Employment still widely falling, but at a slower rate
Rising inflows of new business were seen across the Sub-Saharan region in the past two months. However, this has had a limited impact on capacity so far, as reflected by a further sharp reduction in backlogs. Amid reports of rising costs, firms subsequently looked to cut expenses by reducing employment. On a brighter note though, the rate of job shedding eased markedly since the second quarter, with all seven nations seeing a rise in the employment index.
Job cuts were largely centred on South Africa and Zambia, where firms trimmed their workforce numbers in response to reduced output requirements. Meanwhile, Ghana was the sole country to register a rise in workforce sizes on average during the third quarter, but even here the increase was only fractional. The remaining four nations all saw marginal declines in employment during the third quarter, though for Nigeria and Uganda, hiring was stepped up from August onwards.
Concerns of financial impact leave outlook subdued
The recovery in activity across the region has yet to significantly bolster business confidence, with sentiment regarding future growth in Sub-Saharan Africa remaining much weaker than the historical trend in the third quarter. According to panellists, the rise in output has done little to abate concerns about the long-term financial impact of the pandemic. Strikingly, there were already reports of permanent closures.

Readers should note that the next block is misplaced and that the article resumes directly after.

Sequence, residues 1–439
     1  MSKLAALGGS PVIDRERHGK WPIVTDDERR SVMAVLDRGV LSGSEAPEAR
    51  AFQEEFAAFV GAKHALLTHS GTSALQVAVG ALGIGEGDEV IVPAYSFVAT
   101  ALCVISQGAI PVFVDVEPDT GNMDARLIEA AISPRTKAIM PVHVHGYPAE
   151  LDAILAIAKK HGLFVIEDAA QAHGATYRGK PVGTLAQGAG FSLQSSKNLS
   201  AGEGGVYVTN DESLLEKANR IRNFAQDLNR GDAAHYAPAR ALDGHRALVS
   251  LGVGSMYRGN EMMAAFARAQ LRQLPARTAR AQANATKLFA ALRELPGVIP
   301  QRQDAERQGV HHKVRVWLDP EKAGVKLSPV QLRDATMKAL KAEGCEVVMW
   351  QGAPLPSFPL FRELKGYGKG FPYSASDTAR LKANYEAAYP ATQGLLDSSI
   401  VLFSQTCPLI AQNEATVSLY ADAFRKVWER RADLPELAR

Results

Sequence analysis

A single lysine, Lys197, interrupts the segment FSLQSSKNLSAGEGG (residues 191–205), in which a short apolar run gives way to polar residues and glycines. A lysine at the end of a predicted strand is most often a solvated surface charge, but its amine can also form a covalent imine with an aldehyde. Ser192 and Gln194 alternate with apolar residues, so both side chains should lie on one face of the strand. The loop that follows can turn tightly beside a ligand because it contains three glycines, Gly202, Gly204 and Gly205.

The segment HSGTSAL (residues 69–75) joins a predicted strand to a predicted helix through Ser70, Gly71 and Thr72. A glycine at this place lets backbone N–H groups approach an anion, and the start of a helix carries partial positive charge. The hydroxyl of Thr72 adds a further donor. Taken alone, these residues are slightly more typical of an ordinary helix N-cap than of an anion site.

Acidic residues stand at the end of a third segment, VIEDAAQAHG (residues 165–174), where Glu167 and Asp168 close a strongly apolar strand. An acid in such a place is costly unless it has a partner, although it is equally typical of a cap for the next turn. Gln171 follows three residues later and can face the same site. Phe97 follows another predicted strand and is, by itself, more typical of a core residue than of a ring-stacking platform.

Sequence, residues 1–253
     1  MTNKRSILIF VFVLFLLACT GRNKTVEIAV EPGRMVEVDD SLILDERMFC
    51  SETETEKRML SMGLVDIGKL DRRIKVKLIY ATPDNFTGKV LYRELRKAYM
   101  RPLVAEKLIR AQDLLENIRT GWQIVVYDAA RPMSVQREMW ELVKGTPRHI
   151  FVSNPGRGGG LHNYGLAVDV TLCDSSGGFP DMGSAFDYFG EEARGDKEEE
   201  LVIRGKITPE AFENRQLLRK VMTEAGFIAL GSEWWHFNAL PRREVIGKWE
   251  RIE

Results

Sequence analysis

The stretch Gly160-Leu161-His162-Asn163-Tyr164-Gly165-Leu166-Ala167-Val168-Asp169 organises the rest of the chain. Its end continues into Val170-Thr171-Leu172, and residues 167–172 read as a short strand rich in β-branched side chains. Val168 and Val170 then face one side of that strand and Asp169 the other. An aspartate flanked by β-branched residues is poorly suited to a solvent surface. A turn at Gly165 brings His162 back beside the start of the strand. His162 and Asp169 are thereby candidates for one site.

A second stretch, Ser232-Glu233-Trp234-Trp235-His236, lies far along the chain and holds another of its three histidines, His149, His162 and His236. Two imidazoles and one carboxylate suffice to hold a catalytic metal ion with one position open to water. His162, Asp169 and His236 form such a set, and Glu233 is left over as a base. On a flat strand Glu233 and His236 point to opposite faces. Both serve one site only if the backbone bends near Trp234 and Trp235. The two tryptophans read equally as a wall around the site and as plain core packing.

While COVID-19 cases have fallen across most of the region, giving hope of a further easing of restrictions and a stronger economic recovery, the threat of a resurgence lingers, illustrated by the growing 'second wave' in Europe that could easily lead to higher cases in Sub-Saharan Africa as time progresses.
In the event of a second spike, the impacts on activity, employment and sentiment, as signalled by the PMI data, show there is a definite risk/reward trade-off from these COVID-19 containment measures. With this knowledge and experience, government policy is likely to be more targeted in future waves, as both public health and economic health will have to be strongly considered.
David Owen, Economist, IHS Markit
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Purchasing Managers' Index™ (PMI™) data are compiled by IHS Markit for more than 40 economies worldwide. The monthly data are derived from surveys of senior executives at private sector companies, and are available only via subscription. The PMI dataset features a headline number, which indicates the overall health of an economy, and sub-indices, which provide insights into other key economic drivers such as GDP, inflation, exports, capacity utilization, employment and inventories. The PMI data are used by financial and corporate professionals to better understand where economies and markets are headed, and to uncover opportunities.